Istanbul, Historic Peninsula

Top five must-see places in Istanbul

Straddling Europe and Asia across the Bosphorus Strait between the Sea of Marmara and the Black Sea, Istanbul is one of the major tourist destinations in Europe. The city’s strategic location has made it one of history’s most important cities. So there’s a plenty of historical places to see, and to feel the exotic atmosphere. Here are the top five most rated tourist attractions and must-see places in Istanbul.

1. The Historic Peninsula

Istanbul, Historic Peninsula
Istanbul, a universal beauty where poet and archeologist, diplomat and merchant, princess and sailor, northerner and westerner screams with same admiration. The whole world thinks that this city is the most beautiful place on earth. –Edmondo De Amicis

The vast majority of the historical places from the ages of four Empires which ruled the city (Roman, Byzantium, Latin and Ottoman) located in the historic peninsula, which is the center of ancient Istanbul. Naturally, there are a lot of hotels and restaurants also exist in there. Main sights include:

Istanbul, Historic Peninsula from TophaneIstanbul, Historic Peninsula from Tophane
Istanbul, Historic Peninsula from Tophane

1.1. Hagia Sophia

Hagia Sophia, Istanbul
Hagia Sophia (September 2016)

Hagia Sophia is a former Christian patriarchal basilica (church), later an imperial mosque, and now a museum (Ayasofya Müzesi in Turkish). From the date of its construction in 537, it was used as a church for 916 years but, following the conquest of Istanbul by Fatih Sultan Mehmed in 1453, it was converted into mosque. Then it converted into a museum in 1935. Its name comes from Ἁγία Σοφία in Greek, meaning, “Holy Wisdom”; Latin: Sancta Sophia or Sancta Sapientia; Turkish: Ayasofya.

The church was dedicated to the Wisdom of God, the Logos (a name or title of Jesus Christ), the second person of the Holy Trinity.

The building is an important place in the art world with its architecture, grandness, size and functionality. It actually has been constructed three times in the same location. When it was first built, it was named Megale Ekklesia (Big Church); however, after the fifth century, it was referred to as the Hagia Sophia (Holy Wisdom). The church was the place in which rulers were crowned, and it was also the biggest operational cathedral in the city throughout the Byzantine period.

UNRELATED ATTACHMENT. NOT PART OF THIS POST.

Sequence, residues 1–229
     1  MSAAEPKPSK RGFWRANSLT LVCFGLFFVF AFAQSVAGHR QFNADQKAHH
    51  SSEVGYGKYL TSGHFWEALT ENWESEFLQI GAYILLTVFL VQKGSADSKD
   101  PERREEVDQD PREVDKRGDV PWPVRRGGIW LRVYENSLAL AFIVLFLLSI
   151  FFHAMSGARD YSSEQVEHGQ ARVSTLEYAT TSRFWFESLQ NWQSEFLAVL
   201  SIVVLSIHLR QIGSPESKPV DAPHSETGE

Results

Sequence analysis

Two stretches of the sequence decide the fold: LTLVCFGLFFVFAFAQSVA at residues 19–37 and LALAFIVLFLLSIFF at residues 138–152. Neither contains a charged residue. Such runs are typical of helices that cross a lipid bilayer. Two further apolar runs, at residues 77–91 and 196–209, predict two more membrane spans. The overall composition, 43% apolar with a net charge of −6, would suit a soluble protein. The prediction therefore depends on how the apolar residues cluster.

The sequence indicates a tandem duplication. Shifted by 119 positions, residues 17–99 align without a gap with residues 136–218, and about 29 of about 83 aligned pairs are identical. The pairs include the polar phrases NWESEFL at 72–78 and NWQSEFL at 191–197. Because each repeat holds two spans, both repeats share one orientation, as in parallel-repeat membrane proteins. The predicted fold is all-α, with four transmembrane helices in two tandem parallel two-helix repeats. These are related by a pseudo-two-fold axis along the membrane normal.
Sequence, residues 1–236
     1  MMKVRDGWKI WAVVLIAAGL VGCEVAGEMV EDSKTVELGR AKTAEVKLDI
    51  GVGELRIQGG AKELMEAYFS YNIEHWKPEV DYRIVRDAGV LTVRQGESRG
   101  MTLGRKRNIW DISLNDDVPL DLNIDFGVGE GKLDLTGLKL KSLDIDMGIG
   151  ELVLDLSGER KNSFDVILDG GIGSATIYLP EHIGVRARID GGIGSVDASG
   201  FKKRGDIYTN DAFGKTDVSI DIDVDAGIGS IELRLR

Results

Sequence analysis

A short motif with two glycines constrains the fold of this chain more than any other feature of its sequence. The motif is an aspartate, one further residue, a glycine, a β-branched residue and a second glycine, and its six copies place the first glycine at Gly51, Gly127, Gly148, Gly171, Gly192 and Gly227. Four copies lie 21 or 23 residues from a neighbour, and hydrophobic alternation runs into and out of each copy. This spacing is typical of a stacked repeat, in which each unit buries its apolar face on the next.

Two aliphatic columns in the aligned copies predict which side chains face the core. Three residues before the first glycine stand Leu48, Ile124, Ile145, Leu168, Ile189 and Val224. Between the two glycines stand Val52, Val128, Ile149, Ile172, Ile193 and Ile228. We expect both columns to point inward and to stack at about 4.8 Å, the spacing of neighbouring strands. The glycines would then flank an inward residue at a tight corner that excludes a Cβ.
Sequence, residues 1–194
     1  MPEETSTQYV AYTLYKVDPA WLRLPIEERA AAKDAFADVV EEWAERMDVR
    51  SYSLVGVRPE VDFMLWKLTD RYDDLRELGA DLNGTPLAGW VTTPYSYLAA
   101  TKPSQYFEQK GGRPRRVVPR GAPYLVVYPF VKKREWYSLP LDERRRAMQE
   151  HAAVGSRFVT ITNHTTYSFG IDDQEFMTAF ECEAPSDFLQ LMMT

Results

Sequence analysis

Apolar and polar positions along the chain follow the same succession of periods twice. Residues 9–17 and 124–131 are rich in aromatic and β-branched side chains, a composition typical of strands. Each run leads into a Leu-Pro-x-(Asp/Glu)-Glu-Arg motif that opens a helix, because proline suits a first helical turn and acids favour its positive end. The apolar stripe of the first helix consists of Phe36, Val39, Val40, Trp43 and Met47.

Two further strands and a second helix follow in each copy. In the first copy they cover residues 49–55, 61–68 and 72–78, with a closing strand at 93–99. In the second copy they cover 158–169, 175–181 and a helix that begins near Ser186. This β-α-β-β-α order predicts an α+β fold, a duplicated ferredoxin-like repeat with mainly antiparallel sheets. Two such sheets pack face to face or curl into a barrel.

The first church was constructed by Emperor Konstantios (337-361) in 360. The first church was covered with a wooden roof and expanded vertically (basilica) yet was burned down after the public riot that took place in 404 as a result of the disagreements between Emperor Arkadios’ (395-408) wife empress Eudoksia and Istanbul’s patriarch Ioannes Chrysostomos, who was exiled. The patriarch’s mosaic portrait can still be viewed at the tymphanon wall located in the northern part of the church. No remains have been recovered from the first church; however, the bricks found in the museum storage branded “Megale Ekklesia” are predicted to belong to the first construction.

Inside Hagia Sophia
Inside Hagia Sophia (September 2016)

The second church was reconstructed by Emperor Theodosios II (408-450) in 415. This basilical structure is known to contain five naves and a monumental entrance; it is also covered by a wooden roof.

The church was demolished in January 13, 532, after the public riot (Nika revolts) that took place during the fifth year of Emperor Justinianos’ reign (527-565), when the ‘blues’ who represented the aristocrats, and the ‘greens’ who represented the tradesman and merchants in the society, collaborated against the Empire.